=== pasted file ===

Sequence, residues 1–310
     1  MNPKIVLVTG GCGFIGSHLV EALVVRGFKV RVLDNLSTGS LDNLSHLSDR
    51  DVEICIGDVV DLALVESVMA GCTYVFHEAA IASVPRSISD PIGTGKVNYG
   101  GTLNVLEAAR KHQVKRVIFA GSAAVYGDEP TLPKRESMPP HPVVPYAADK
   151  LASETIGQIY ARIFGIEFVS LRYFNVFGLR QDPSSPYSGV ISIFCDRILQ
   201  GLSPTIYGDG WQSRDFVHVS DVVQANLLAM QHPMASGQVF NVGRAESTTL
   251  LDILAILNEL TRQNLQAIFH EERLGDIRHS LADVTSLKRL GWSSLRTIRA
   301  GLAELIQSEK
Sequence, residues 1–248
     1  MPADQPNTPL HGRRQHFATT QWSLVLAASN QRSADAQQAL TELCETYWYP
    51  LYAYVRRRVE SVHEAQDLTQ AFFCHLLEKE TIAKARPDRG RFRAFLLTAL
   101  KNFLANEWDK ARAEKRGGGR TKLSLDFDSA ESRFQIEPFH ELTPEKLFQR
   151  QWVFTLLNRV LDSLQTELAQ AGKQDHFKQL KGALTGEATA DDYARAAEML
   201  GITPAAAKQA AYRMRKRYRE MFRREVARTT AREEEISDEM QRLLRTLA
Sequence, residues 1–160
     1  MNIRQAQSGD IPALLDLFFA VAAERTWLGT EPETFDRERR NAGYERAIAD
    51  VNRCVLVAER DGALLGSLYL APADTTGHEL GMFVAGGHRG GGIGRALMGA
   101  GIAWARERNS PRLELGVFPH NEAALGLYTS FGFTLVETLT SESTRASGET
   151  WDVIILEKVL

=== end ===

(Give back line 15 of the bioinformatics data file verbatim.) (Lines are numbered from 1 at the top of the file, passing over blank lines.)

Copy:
Sequence, residues 1–160